Early in the morning of May 20, however, the Joint Finance Committee told us — figuratively speaking — to sit down and shut up.

With no opportunity for public input or debate whatsoever, and not even a hint that it was coming, the majority party members of the budget-writing committee suddenly voted special needs vouchers into the state budget. There was much self-congratulation before the vote about how important it is to “trust the parents” in matters of education.

If they had trusted us to testify, we could have told them exactly why parents like us, not to mention every disability advocacy organization in the state, oppose their special needs voucher proposals.

Private voucher schools are not required to educate students with special needs, as the public schools are. They need not have special educators on staff, nor are they required to follow the federal Individuals with Disabilities Education Act (IDEA), which establishes our children’s rights to a free appropriate public education with a legally binding Individualized Education Plan.

Voucher schools can expel or “counsel out” students they find too challenging to educate, and the public schools must take the rejected students back while the funding lags behind. We don’t know how many students with disabilities have even been allowed into voucher schools, because the schools haven’t been required to reveal how many such students are enrolled.

Yet, with all of these dodges in place, voucher schools in Milwaukee have had a long track record of failing to do any better than the Milwaukee Public Schools. Instead, we have scandals such as LifeSkills Academy, and the dozens of Milwaukee students who were abandoned when the academy’s leaders fled Wisconsin for Florida in the middle of the night. Incidentally, the new LifeSkills Academy in Daytona Beach is still open, relying now on Florida’s special needs voucher funding.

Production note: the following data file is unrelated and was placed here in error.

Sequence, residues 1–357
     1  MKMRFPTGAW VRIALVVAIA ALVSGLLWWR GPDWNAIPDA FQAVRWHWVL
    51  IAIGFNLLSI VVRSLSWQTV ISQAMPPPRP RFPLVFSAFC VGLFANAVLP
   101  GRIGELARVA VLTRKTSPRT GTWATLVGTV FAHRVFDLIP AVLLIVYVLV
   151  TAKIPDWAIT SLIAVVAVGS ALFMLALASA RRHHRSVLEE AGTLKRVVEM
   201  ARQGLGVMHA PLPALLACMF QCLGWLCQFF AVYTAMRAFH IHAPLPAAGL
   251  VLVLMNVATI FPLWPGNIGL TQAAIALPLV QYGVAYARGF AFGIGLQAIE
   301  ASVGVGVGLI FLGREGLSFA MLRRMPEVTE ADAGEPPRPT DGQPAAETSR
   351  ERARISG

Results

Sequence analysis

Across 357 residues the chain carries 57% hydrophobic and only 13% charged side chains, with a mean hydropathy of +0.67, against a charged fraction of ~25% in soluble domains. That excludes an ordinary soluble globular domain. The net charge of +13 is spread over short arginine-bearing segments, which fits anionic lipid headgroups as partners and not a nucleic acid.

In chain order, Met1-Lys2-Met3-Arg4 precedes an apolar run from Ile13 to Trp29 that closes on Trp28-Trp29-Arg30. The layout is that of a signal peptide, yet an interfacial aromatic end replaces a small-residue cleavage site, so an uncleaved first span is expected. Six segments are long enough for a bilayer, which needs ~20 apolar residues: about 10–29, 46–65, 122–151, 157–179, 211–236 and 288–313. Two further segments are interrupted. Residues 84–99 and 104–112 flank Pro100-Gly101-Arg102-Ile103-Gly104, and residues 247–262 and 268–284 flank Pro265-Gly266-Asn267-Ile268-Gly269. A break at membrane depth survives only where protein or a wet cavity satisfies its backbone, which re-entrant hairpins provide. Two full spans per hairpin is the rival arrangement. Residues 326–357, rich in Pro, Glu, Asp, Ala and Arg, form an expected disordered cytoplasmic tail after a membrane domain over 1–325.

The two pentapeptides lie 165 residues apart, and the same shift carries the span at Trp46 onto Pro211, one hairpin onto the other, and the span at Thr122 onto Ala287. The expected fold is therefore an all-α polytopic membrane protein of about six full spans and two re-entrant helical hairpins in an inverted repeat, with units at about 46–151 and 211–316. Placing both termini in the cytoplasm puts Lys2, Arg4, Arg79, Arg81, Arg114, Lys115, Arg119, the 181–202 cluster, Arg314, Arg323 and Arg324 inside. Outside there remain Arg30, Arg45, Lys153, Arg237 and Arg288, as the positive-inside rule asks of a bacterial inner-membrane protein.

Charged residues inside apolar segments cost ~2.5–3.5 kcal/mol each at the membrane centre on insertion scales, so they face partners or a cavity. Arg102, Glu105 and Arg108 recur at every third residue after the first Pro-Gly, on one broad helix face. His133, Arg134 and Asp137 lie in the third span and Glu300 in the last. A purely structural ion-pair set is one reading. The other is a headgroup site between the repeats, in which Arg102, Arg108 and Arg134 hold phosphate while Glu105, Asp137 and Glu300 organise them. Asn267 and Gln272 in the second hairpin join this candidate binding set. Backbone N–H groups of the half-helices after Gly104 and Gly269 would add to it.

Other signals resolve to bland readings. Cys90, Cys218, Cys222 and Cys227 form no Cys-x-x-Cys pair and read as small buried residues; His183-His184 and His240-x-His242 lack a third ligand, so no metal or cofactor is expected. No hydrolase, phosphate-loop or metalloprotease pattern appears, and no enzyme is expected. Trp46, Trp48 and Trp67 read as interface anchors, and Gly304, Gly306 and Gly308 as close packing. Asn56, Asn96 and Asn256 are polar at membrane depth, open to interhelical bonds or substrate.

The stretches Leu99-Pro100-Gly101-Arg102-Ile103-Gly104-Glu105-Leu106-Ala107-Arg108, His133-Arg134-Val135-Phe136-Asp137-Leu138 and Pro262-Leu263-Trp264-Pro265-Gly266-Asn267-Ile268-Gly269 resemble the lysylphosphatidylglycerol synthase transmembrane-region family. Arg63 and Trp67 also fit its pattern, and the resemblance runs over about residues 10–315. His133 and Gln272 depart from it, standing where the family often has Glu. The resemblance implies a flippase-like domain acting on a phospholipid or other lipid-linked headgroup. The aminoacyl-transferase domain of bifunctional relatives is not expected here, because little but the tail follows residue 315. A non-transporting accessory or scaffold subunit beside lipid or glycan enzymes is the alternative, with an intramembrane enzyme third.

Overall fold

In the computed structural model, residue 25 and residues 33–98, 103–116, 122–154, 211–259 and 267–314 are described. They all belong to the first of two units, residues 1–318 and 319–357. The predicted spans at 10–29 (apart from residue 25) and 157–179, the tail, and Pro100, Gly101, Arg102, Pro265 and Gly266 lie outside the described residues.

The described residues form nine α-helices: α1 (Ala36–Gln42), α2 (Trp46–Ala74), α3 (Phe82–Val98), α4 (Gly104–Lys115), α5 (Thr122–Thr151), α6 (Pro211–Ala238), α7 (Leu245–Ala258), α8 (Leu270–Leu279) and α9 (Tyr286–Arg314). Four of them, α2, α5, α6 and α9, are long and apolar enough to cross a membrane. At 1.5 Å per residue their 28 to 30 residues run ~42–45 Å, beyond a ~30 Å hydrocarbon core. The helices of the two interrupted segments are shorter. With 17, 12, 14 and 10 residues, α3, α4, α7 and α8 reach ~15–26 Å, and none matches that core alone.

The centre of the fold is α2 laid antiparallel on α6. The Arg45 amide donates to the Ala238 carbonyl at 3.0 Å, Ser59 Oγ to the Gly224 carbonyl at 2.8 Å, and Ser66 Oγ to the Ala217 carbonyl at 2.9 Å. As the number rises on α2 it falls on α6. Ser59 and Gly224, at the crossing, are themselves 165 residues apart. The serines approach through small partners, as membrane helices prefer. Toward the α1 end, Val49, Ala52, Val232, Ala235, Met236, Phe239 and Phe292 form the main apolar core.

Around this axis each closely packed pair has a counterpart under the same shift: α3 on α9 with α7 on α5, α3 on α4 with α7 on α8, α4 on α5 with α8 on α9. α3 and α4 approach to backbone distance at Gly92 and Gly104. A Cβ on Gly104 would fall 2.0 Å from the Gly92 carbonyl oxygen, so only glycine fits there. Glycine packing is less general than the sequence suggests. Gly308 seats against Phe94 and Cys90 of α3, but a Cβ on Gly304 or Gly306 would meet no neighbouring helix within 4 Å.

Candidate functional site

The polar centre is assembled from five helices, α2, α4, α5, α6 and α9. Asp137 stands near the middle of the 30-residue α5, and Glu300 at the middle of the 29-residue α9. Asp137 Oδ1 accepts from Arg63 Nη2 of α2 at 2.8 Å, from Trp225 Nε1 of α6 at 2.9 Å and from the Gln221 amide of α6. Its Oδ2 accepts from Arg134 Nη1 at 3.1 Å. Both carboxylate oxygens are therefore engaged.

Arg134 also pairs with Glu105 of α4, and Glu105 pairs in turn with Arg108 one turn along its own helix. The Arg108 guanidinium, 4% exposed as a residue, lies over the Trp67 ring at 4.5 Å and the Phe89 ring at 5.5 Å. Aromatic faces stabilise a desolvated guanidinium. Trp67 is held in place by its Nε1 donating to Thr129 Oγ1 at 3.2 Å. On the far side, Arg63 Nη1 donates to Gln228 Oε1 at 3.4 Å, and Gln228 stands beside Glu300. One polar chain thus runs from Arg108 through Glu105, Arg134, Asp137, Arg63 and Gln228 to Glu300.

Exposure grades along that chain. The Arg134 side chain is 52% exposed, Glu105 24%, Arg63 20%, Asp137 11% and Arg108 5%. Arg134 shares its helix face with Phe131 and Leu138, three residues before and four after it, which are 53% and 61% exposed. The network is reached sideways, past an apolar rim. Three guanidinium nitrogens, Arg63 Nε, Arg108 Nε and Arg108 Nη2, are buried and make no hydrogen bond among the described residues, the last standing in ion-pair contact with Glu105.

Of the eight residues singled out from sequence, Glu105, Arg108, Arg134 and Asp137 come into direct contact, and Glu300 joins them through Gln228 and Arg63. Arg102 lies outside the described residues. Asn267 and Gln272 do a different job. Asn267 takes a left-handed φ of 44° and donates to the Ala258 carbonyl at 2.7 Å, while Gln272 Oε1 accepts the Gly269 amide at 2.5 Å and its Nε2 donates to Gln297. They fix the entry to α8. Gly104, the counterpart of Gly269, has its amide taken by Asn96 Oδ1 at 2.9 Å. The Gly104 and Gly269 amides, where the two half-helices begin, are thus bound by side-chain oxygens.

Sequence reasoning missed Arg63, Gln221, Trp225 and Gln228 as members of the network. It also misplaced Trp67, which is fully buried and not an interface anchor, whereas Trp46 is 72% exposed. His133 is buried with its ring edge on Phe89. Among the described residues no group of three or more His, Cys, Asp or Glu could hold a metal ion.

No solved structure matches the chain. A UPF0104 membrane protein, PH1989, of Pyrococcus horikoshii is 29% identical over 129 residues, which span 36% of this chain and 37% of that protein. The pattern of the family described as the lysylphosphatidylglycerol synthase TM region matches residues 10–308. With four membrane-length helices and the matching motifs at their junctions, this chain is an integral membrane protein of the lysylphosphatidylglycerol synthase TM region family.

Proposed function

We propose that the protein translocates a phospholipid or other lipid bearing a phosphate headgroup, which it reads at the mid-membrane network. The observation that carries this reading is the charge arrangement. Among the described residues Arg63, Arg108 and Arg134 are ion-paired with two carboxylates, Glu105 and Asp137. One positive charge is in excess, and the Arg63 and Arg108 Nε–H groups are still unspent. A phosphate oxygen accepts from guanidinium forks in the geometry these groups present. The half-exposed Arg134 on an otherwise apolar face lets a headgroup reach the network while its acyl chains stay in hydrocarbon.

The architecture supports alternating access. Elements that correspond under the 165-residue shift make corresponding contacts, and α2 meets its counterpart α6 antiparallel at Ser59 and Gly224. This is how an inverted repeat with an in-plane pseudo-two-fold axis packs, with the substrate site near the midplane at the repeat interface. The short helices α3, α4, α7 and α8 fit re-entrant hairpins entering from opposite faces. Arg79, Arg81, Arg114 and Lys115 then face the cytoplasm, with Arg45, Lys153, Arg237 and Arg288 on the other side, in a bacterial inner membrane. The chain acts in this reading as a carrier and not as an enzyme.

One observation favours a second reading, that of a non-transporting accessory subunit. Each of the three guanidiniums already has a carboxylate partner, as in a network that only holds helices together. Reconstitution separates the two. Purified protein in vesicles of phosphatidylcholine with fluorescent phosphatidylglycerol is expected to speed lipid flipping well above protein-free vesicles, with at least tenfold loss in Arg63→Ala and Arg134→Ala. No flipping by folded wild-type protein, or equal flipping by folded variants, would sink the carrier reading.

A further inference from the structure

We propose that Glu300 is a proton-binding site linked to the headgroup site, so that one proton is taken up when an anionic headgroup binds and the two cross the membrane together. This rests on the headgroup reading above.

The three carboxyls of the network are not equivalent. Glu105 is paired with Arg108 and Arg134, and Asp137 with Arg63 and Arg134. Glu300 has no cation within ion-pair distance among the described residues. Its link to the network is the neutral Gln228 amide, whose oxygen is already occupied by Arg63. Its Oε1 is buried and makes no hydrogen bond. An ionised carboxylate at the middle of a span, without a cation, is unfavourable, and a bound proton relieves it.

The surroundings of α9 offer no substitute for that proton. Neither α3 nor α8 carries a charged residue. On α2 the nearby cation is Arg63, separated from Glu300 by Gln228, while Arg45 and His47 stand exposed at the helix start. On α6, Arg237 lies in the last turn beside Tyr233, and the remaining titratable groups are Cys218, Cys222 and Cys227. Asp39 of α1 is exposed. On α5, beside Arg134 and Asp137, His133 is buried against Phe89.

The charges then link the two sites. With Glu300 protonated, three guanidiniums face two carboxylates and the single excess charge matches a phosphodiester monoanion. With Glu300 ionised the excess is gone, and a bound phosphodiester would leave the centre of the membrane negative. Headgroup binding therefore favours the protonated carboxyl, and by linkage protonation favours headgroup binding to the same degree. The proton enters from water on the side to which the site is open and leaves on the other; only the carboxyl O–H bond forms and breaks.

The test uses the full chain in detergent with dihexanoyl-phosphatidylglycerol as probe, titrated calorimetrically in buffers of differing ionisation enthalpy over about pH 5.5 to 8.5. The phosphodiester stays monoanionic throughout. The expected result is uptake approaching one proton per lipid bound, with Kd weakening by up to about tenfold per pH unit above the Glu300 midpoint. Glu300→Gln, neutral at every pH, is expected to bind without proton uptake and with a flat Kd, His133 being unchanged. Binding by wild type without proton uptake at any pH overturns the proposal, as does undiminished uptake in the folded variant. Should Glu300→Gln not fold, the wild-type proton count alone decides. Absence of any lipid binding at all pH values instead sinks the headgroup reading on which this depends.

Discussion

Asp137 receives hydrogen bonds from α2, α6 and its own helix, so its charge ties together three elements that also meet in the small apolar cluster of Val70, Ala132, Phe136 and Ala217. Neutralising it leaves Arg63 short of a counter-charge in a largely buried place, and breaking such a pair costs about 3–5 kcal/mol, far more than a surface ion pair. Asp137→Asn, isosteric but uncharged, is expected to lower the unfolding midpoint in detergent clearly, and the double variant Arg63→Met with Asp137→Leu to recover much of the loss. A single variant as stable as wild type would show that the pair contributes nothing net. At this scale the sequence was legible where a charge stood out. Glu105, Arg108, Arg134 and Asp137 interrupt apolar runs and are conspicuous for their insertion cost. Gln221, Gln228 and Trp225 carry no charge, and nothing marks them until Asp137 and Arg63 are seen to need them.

Meanwhile, voucher schools and the voucher lobby are very skilled at marketing. We’ve heard the pitches and seen the glossy brochures. There’s personal experience in our group of being taken in by what the voucher schools promised, until our children actually attended and discovered sad differences between the sales job and the reality.

It’s abundantly clear that Wisconsin’s voucher programs, both present and proposed, leave families at the mercy of the operators while draining the public schools of much-needed funding.

Four decades ago, families such as ours advocated to secure children with disabilities the right to a solid public education in neighborhood schools where the doors must be open to all children regardless of disability. We strongly object to having our tax dollars suctioned out of public schools, where those hard-won rights apply, and spent to lure families into private schools where federal special education rights and protections disappear to be replaced by nothing more binding than a warning of “buyer, beware!”

Our children deserve better. Wisconsin deserves better.

We call on the Legislature to walk away from the voucher lobby sales job. Take the special needs vouchers out of the state budget.

From Pamela DeLap (Oshkosh), Terri Hart-Ellis (Whitefish Bay), Amy Polsin (Lowell), Naomi Silver (River Falls), Kelli Simpkins (Madison) and Lennise Vickers (Milwaukee). All are members of Stop Special Needs Vouchers.

Appeared online in Madison’s CapTimes on June 16, and in Milwaukee’s Journal Sentinel on June 18.

Parent Quotes

“Public schools must abide by the Individuals and Disabilities Education Act, requiring specialized training for teachers and a standard of services to accommodate students with special needs. Private schools don’t have this obligation.” — Harriet, mother from Appleton